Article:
Istanbul, from the Bosphorus

Istanbul, from the Bosphorus.

But – I’m immensely fortunate to have someone on this journey with me.  I’m incredibly lucky to have contracted this disease after treatments, however imperfect, have been developed.  I’m really damn privileged to have health insurance, even though I have worked my ass off for many years, because a lot of other hard working people don’t have health insurance, or it’s inadequate to cover such an expensive medication.  The same for having resources, and the ability to take time off and explore, and heal.   All in all, I’m very lucky.

I’m getting by.  One day at a time.  Accept what I can, don’t be too attached to transitory things, including life itself.  Continue to make arrangements so that if I’m not around that long, things will be OK.  And don’t burn bridges, in case this disease never returns.   Which would be amazing, but possible.

14 Months and counting.


So far, so good.  I’ve thought a number of times about what to say at this point.  It’s all become pretty ordinary now.  Weight is stable, not losing, not gaining.  Energy level is stable.  Not great, nowhere close to what it used to be, but it’s the new normal.  Fatigue is a constant companion.  I have bursts of energy, mainly in am.  By about 2 pm, I’m bushed.   By 5pm, my brain is in mush-mode, I can’t think,  and efforts to do so make me want to cry.  The brain fatigue is often worse than the physical fatigue.


The main gastrointestinal symptom is diarrhea.  I’ve learned to manage, through trial and error.  Nausea is pretty much gone.  As long as I eat many small meals – snacks – and not fill my stomach, diarrhea is much less common.  I now know the locations of restrooms at most stores, and the back-up and back-up back-up restrooms at work, for those occasions when I err, or my body wants to surprise me.

The perfect meal/snack is a small egg burrito, using a flour or corn/flour tortilla, 1/3 of  a scrambled egg, a little salsa, and a little shredded cheddar.  Eating several of those through the morning, not trying to be full, diarrhea is much less common.  Tea – usually Tazo or other brand of chai tea, which contains cinnamon, ginger, clove, and adding a little bit of unpasteurized honey – more flavor with less sugar – several cups a day replacing most of my coffee – is really soothing.  I limit acid foods but do have some OJ, smaller amount daily than in the past.  High sugar – cake, pie, cookie – brings on the dumping syndrome.  Big meal does the same.  High fat does the same.  This forces me to eat healthy even when stressed.

I take the Gleevec in the pm.  Since I always carry an I-pad, I use the alarm on the device to remind me.  It’s hard to remember to take pills in the pm, but this way I never fail.  The good thing about using I-pad is I can set the alarm to any downloaded music.  I use thunderstorms, or rain forest sounds, or waterfalls, so the reminder is soothing, not jarring.   It’s hard to wake up in the am, much harder than before cancer.  So I use the same alarm system as for the pills.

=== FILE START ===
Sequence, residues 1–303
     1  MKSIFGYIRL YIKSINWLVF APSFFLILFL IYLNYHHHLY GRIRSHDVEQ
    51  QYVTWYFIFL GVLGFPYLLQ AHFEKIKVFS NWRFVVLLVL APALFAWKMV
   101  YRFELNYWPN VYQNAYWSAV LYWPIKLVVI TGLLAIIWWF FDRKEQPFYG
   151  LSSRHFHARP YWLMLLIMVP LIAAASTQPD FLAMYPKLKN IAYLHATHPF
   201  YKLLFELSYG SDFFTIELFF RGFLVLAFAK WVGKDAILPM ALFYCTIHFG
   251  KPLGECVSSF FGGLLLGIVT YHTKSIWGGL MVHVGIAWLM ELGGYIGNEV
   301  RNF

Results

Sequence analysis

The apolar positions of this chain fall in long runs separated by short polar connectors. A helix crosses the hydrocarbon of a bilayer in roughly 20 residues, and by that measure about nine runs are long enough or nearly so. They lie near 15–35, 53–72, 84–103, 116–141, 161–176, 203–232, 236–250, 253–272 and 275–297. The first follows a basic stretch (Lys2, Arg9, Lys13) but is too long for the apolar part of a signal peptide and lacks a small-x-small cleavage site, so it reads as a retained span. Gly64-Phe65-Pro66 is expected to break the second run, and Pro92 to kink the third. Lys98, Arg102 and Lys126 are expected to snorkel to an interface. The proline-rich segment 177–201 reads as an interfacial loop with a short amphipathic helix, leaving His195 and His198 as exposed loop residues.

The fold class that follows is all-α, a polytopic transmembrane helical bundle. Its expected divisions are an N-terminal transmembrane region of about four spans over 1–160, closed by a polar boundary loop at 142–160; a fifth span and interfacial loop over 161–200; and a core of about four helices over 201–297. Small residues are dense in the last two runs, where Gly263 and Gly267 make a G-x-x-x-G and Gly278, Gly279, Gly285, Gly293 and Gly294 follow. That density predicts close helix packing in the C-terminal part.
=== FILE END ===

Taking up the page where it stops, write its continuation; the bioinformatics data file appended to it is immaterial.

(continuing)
Photo is at the Holland Bulb farms last month, not far from my town.

I don’t know that B12 supplement is helping me.  I need to check the level.  No one – surgery, oncology, or primary care, caught that a Billroth-II probably guarantees a B12 deficiency.  I should have known better, myself.  If it was one of my patients, instead of me, I think I would have known.  Same as gastric bypass patients.  I use the sub-lingual B12, 2,000 mcg daily.  There are studies stating sublingual is not better than swallowed oral tab.  However, that is with intact stomach.  Which I don’t have.  Sublingual is just as easy, and can be bought inexpensively by waiting for Safeway or Kroger 2 for 1 coupon days.

The health plan is missing the boat on the cost of Gleevec.  It’s about $21,000 for a 3 month supply.  That’s $88,000 a year.   If they would send me to Canada with an Rx, it costs $11,000 for a 3 month supply, or $1,600 for the generic.   via website Canadadrugs.com.   Imatinib 400mg (generic equivalent to Gleevec)  Manufactured by:  Teva Pharma  This product is offered for sale by Canada Drugs LP of Canada USD – $17.74 USD/tablet.  My   math may be off, but I think it’s a massive savings over buying it here.  That’s $7,000 a year instead of $88,000 a year.

As it is, my oncologist seems to think I’d be happy to stop it for a while and see if fatigue is better.   While my surgical oncologist tells me, if it was him, he would take it for life.  Maybe there is a regulation that prevents this, I don’t know.  But when the time comes that the health plan cuts me off, I think I’ll look into the options.